In the recent case of Richina Pacific Ltd v Samson Corporation Ltd  NZCA 132, the Court of Appeal has confirmed a principal can call on a performance bond if the contractor has not fully discharged its contractual obligations, even if a certificate of practical completion has been issued.
In 2010 Samson Corporation Limited (Samson) contracted Mainzeal Construction Limited (Mainzeal) under a NZS3910:2003 form of contract to construct a commercial building complex in Parnell. The contract price of approximately $37 million included a provisional sum of $5.1 million for an automated car stacker for use in the basement parking area.
Mainzeal was required to provide a $2 million performance bond to Samson under the contract. Mainzeal procured a bond from AAI Limited (AAI) and Mainzeal’s parent company, Richina Pacific Limited (Richina), agreed to indemnify AAI should the bond become payable.
A practical completion certificate was issued for the contract works with the exception of certain listed items, one of which was the car stacker. The certificate stated that the bond would not be released until the listed items were completed.
Mainzeal went into receivership before the car stacker reached the contractual performance standard. Samson called on the bond.
High Court decision
Richina commenced proceedings in the High Court seeking a declaratory judgment that the bond was null and void or otherwise unenforceable. Samson filed a cross-claim against AAI for the full value of the bond.
Richina argued, and the Court agreed, that the bond was conditional upon Mainzeal failing to perform its contractual obligations and Samson suffering loss as a result.
The High Court decided the bond was payable as Mainzeal’s failure to complete the car stacker meant it had not performed its contractual obligations. As Samson could show it suffered close to $3 million in losses, it was entitled to claim the full $2 million bond.
Court of Appeal decision
Richina and AAI jointly appealed to the Court of Appeal. The main question on appeal was whether the bond was discharged upon issue of the certificate of practical completion.
In the alternative, the appellants argued that the bond was discharged because AAI was disadvantaged by Samson gaining possession of the site early and paying retentions. Richina and AAI argued these actions were not permitted by the contract and went beyond the scope of an indulgence clause in the bond. This clause provided that the surety would not be released from liability under the bond by (i) any change to the contract terms, (ii) alteration to the contract works, (iii) any time allowance, or (iv) forbearance or waiver by Samson or the engineer.
These arguments are summarised below.
Discharge of bond by issue of the practical completion certificate
The Court interpreted the terms of the bond as being “null and void” if, upon practical completion, Mainzeal had performed all of its contractual obligations.
As stated above, the engineer issued a certificate of practical completion which expressly excluded the car stacker. However, AAI and Richina argued the issue of the practical completion certificate was sufficient to discharge its obligations under the bond.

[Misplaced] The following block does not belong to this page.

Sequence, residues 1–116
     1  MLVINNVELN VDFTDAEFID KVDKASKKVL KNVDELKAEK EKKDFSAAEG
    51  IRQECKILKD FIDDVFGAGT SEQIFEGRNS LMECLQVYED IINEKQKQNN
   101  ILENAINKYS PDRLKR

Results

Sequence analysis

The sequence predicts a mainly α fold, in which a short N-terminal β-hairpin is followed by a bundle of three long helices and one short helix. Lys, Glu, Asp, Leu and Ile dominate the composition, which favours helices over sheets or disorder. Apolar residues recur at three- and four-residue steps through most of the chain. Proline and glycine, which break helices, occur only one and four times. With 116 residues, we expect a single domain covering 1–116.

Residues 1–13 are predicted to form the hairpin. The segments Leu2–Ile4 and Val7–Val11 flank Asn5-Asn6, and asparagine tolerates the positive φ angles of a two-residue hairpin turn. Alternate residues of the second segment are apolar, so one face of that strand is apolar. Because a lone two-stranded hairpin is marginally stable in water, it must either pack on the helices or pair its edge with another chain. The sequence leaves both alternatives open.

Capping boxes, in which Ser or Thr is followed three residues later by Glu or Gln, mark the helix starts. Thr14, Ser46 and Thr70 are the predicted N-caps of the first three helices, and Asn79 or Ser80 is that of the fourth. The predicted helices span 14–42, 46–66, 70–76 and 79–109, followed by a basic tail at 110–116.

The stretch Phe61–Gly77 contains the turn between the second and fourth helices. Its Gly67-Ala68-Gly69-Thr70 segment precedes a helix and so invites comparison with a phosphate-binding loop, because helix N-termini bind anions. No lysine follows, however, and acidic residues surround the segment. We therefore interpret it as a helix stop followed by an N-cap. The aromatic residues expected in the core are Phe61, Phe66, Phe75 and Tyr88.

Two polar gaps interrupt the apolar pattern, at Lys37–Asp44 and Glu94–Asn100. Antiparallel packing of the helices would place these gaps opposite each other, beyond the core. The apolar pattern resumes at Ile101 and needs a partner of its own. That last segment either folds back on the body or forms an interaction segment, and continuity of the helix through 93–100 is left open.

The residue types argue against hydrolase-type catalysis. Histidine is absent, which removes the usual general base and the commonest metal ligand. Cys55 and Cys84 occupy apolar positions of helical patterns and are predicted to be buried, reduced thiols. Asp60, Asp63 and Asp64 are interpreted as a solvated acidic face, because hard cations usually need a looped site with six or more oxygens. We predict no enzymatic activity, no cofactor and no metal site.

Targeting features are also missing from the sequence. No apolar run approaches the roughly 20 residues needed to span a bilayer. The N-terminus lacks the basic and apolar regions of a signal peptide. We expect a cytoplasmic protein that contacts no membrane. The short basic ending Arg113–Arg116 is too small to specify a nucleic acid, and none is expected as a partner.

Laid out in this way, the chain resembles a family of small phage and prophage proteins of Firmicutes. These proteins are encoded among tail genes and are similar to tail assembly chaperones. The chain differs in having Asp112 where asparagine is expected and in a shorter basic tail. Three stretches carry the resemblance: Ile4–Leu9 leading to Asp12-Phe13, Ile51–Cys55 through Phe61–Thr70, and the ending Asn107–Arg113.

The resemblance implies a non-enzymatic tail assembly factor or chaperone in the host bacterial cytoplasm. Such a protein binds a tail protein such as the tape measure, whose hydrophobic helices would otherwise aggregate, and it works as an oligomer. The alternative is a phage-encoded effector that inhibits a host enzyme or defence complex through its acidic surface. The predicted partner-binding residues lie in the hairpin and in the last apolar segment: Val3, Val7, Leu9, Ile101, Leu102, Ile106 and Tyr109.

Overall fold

The Court of Appeal dismissed this argument, agreeing with the High Court that the bond could only be discharged upon the fulfilment of all of Mainzeal’s contractual obligations (which included finishing the car stacker), not upon the issuing of a completion certificate. It dismissed an argument that the car stacker was to be treated as deferred works excused from practical completion. The completion certificate clearly excluded the car stacker and Mainzeal’s actions thereafter indicated it was still required to meet its performance obligations in respect of the car stacker to achieve practical completion.
Discharge of bond by possession
In reliance on a general legal principle, the appellants argued that AAI was discharged from liability due to Samson’s conduct which deviated from the contractual obligations being guaranteed and which was prejudicial to AAI’s interests. The appellants argued the indulgence clause should not apply in such circumstances.
The prejudicial conduct Richina and AAI relied upon in support of their argument was the contractual parties’ arrangement permitting Samson to regain possession of the site and the resultant retentions payment (which the appellants said was premature).
Although the Court of Appeal preferred a different interpretation to the High Court, it reached the same conclusion on this argument. By expressly agreeing to defer practical completion for the car stacker, and certify completion for the remainder of the works, the two were being treated as separable portions.
Although this term was not used by the parties, this behaviour was expressly permitted by the contract and therefore the indulgence clause was not engaged. Accordingly, the question of prejudice to AAI did not arise.
Discharge of bond by payment of retentions
Richina and AAI argued they were further prejudiced by Samson’s payment of 20% of the total retention sum to Mainzeal, following issue of the practical completion certificate. The appellants argued that Samson was under no legal obligation to pay retentions prior to completion of the car stacker.
The Court of Appeal again disagreed with the appellants. The Court held that the retention payment was not voluntary but part of Samson’s obligations under the contract. Therefore, the act of payment could not discharge the bond. As a result the Court of Appeal did not need to consider whether the payment caused prejudice to AAI.
Take home message
This case demonstrates the reliability of bonds in protecting a principal against the non-performance or default of a contractor. In upholding the High Court’s decision, the Court of Appeal showed a willingness to strictly construe the terms of a conditional bond.
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